The Office of Foreign Assets Control (OFAC) hit three more UEA-flagged tankers with sanctions for busting the oil price cap sanctions yesterday night and threatened another 30 companies that operate over 100 ships as it ramps up efforts to enforce the scheme.
This was not how it was supposed to work. If you remember, when the idea was floated more than a year ago, the West was confident it could enforce the $60 price cap on shippers because the West controlled 95% of the global shipping insurance market. It was supposed to be an elegant scheme where the price was set high enough so that the Kremlin would cave in and accept $60 for its oil as it needed the money, while the rest of the market operated as normal.
Looks naïve now, eh? Many people were dubious that the scheme could be made to work from the start (including me). Indeed, Western leaders were dubious, as the scheme took so long to be set up. And all those fears have been borne out: the FT reported earlier this week that barely a single barrel has been sold in recent months at under $60.
Where did it go wrong? We have written extensively about the problems, arguing that it was clear very early on that the scheme is a spent cannon, but the main points are: Russia massively recapitalised its own insurance companies and the West’s share of the business is now about 65%; many of Russia’s partners such as India refused to participate; Russia also built up a huge shadow fleet that operates outside sanctions; and whole bunch of Western countries have just ignored the sanctions and taken the money, as the Peterson Institute for International Economics (PIIE) and Kyiv School of Economics (KSE) and others have thoroughly reported. The sanctions have hit European business hard, but that has hurt Europe more than Russia, and the Pacific business is now a largely sanction-free zone.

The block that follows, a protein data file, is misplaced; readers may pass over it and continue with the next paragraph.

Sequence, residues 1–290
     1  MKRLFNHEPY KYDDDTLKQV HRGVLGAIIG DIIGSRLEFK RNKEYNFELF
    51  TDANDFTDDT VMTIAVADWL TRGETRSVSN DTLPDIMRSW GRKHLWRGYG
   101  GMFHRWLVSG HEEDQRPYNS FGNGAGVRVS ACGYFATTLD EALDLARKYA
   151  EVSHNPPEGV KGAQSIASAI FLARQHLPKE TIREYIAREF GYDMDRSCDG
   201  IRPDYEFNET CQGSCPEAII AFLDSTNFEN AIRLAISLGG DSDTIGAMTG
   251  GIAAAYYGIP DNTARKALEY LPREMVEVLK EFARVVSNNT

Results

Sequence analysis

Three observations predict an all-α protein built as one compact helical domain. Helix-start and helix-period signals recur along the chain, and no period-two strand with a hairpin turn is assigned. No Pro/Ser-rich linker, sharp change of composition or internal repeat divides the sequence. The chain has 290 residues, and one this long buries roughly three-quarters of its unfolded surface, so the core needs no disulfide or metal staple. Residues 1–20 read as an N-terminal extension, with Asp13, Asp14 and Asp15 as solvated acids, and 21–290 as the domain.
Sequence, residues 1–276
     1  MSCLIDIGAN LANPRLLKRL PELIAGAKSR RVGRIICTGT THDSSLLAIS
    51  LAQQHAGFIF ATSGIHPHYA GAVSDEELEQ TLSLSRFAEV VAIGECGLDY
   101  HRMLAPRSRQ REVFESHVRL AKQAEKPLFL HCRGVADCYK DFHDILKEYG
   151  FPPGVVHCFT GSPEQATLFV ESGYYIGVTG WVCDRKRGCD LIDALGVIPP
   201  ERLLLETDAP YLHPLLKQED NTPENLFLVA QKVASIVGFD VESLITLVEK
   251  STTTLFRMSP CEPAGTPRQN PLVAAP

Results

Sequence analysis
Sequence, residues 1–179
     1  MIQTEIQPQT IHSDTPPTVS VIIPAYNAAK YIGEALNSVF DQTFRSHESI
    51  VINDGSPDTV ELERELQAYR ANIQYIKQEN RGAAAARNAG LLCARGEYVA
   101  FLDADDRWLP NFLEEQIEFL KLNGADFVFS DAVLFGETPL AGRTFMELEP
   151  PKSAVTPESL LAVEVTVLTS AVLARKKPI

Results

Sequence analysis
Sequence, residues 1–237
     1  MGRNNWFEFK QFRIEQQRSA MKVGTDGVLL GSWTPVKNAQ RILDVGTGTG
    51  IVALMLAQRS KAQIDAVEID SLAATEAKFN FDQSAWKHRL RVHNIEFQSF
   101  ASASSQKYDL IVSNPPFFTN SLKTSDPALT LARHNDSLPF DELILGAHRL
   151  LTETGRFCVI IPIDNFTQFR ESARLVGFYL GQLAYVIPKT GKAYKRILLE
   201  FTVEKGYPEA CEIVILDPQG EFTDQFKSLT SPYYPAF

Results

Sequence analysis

I have used the analogy of playing whack-a-mole, but that works even better now; instead of using insurance to elegantly create a market mechanism to enforce the price cap, now the US is figuratively using a hammer of secondary sanctions to clobber individual ships that pop up out of the hole, in the hope that the rest will comply and stay in their holes. That is not going to work. As in the game, you will end up trying to clobber everyone and, if you have played the game, you know that some moles always get away.
Elena Elina Ribakova, non-resident senior fellow at PIIE, wrote an op-ed in the FT this week arguing that it is possible to set up a sanctions regime that works, but made the point that it is a very long and difficult process that could take a decade. The problem is Ukraine doesn’t have a decade; it needs help now. Given the rapid growth of war fatigue in recent months and lack of money – Germany just reported it could have a €60bn hole in its budget this year as it is, like the US, running out of borrowing room – there is a real danger that Ukraine will have to capitulate long before all these sanctions can be made to work.
It seems to me that the West has, once again, overestimated its power. The US keeps making this mistake. It did it in Iraq. It did it in Libya. It did it in Afghanistan. And now it’s doing it again in Ukraine. Washington is too impressed with its, admittedly, awesome military might. As Israel is finding out, you can’t simply bomb people into submission. The West has also underestimated Russia’s importance and interconnectedness with the global market and the sheer number of dodges it can come up with, given the rest of the world is not sold on the idea of US hegemony.
Analysts have spent too many years repeating US Senator John McCain’s “gas station masquerading as a country” trope, so they believe it.
The reality is that Russia is probably too big to sanction, and has already overtaken Germany to become the fifth biggest economy in the world in PPP terms since the war began. Raw nominal GDP in dollar terms ignores Russia’s very large productive power. Western economies are increasingly made up of services. Russia still has all those factories left over from Soviet days. In a war it is manufacturing that counts, not home-delivered pre-prepared meals and streaming movies.
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